Artist Interview - Miguel Sopena

Artist interview between Shannon Skye Robinson and Lois Emma Harkin (Curating Futures Project Coordinator), and Miguel Sopena (Curating Futures Artist).


* Warning, mature content- nudity *


Date of Interview: 20th of December 2021

Participants: Shannon Skye Robinson (SSR) and Lois Emma Harkin (LEH) and Miguel Sopena (MS)



SSR/LEH: What is your background?


MS: I did not go through the Fine Art BA/MA route- After my Foundation I did a two-year, atelier-style diploma in traditional oil painting with a focus on portraiture and the human figure. My interests are very diverse so after graduation I developed an interest in abstraction and my current practice is a combination of both. I work mainly in oil paint at the minute even though I'm curious about and have explored many other techniques, including photography and printmaking.

 

SSR/LEH: How did you get into art/ creativity?

MS. I had always liked art but I didn't choose Fine Art as a subject when I went to uni. Much later in life I started drawing and painting, which is something I had always been curious about. I was instantly hooked and I decided to do a part-time Foundation in Art and Design- That was the start of my journey.


Artwork produced by Miguel Sopena


 

SSR/LEH: What do you get out of producing work?

MS: A massive amount of doubts and mixed feelings! If I'm lucky, I may feel pleased with the results, usually much later.

Artwork produced by Miguel Sopena


 

SSR/LEH: How do you want your work to be perceived by an audience?

MS: My work is essentially about feeling, I think, so my top aspiration is to touch something inside my audience that hopefully connects with their own feelings. When that happens, that's a big payoff for me.

Artwork produced by Miguel Sopena


 

SSR/LEH: Who are your biggest inspirations?

MS: Too many to count really. I'm quite big on the classics so I could name a lot of past artists, from Velázquez to Marc Chagall, from Paul Klee and Wassily Kandinsky to Robert Rauschenberg. I love looking at other people's work and discovering interesting and inspirational artists, past and present.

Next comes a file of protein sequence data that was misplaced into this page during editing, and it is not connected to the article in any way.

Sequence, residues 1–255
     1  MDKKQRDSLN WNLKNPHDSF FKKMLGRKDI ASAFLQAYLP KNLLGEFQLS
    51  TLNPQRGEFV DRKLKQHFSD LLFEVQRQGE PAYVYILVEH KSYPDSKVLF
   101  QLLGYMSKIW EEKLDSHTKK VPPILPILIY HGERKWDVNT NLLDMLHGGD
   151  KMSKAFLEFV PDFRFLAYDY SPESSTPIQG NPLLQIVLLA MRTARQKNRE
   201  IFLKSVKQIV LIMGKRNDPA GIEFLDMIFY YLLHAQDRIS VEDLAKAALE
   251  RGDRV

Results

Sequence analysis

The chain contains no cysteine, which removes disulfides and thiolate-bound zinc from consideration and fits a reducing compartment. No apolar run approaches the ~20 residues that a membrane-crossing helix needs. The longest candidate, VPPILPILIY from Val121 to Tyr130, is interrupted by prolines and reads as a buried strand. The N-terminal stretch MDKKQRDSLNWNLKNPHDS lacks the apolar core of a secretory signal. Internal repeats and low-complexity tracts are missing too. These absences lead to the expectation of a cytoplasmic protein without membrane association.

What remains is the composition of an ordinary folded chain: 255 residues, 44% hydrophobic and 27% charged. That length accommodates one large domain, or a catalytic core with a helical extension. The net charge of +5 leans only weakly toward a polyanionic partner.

Artwork produced by Miguel Sopena


 

SSR/LEH: What are the main concepts or themes you explore within your work?


MS: It depends- One of my main abstract bodies of work has to do with sensory memories of childhood and adolescence and the lasting influence of the natural world, but other abstract projects have much more to do with colour, composition and the expressivity of materials. Surface and texture are very important in my work as a painter.

 

SSR/LEH: What is the main thing you have learnt through your creative practice?

MS: Hard question! A big lesson has been to be patient and keep working. Sometimes you have to experiment a lot with a new idea until you begin to produce work which is more considered and has some depth to it.


 

SSR/LEH: Who is your work for? Yourself? A small community? A specific sector of society? Or is it for everyone?

MS: I have to be happy with (or at least interested in) my own work first, then I can only hope that my work will interest other people. I don't have a specific audience in mind when I create work, to the exclusion of anyone else. I'd like to create work that may appeal to as broad a group of people as possible.


SSR/LEH: What is the best piece of advice you could give to another artist, or someone just starting out in the creative sector?

MS: Like I said, to be patient and humble, and to work a lot. We are all tempted to think we are wonderful when we are starting out. The truth is that creativity can be very hard and very frustrating, and that's before we get to the business of how to achieve recognition in the 'art world'. It's very important to be honest with yourself, but also to hold on to your sense of who you are and what made you want to work creatively in the first place.


SSR/LEH: Why did you decide to join the Curating Futures community?

MS: It sounded like (and I think it is) an interesting attempt to build creative links among a community of committed artists. I was also attracted by the (Im)material project brief as my own work has a lot to do with the materiality of creative media. I can't wait to see how the project develops and what dialogues emerge.

 

You can find Miguel Sopena via his Instagram